Tag Archives: Richard Avedon

Reflection point

Our course manual, after briefly discussing William Eggleston’s interpretations of his surroundings, his way of making photos of found objects over and above those containing people, emphasizes that these types of photographs ‘become fictionalised and transformed, telling a story that somehow stems from a ‘real place’ yet becomes other’ (OCA Identity and Place Course Manual p 94). ‘The real location, found objects and characters, combined with technology and the photographer’s eye, come together to create a new world, one balanced loosely between recognition and art’ (OCA Identity and Place Course Manual p 95).

We are asked to reflect on the following points:

  • Where does that leave the photographer? As storyteller or history writer?
  • Do you tend towards fact or fiction?
  • How could you blend your approach?
  • Where is your departure from wanting/needing to depict reality?

Eggleston was inspired by Cartier-Bresson, but after frustratingly spending time in Paris trying to emulate Cartier-Bresson, he realised that he had to try something new. For him new meant photographing shopping centres – no one was photographing malls at that time. So Eggleston started photographing the banal and ordinary things that get overlooked and taken for granted. He never took more than one photograph of a particular subject and very often shot from the hip, which “resulted in images that were “rebellious, unwieldy, uncomfortable, and thus not easy to decipher” (ArtsyNet).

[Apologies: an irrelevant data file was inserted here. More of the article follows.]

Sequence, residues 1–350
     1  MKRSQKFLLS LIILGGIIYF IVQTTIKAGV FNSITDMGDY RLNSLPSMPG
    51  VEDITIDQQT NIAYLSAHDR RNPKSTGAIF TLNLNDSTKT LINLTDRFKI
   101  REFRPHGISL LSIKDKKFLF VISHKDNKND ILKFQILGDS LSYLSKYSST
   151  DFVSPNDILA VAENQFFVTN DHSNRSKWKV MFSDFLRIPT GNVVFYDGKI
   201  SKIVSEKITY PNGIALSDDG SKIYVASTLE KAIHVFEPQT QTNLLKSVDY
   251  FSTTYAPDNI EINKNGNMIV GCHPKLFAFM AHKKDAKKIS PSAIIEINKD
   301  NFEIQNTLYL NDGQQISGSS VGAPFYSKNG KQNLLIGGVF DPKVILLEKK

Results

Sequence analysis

Cuban motor-assisted bicycle by Lynda Kuit (2013)

Coming back to the first point above, I think that by nature a story teller is a history writer (and vice versa). Making photographs of found objects is, in a way, making a historical record at that particular moment in time, a building up of an archive. The objects in the photograph create their own story, whether it be fact or fiction is really up to the viewer to decide.

I would probably have to say that I tend more towards fact than fiction. For me fiction would be a completely staged, scenario with subjects in costume, in a made setting or set in a specific location as I did in C&N’s assignment 5. Of course, I’m also aware that most photography is staged, even if the subjects are not being directed, they might be fully aware of the camera and so there are behaviour changes. I think this would be the ideal way of blending the approach – having a scenario where the subject is aware of the camera but is going about his/her day as it it wasn’t there.

“The moment an emotion or fact is transformed into a photograph it is no longer a fact but an opinion ….” – Richard Avedon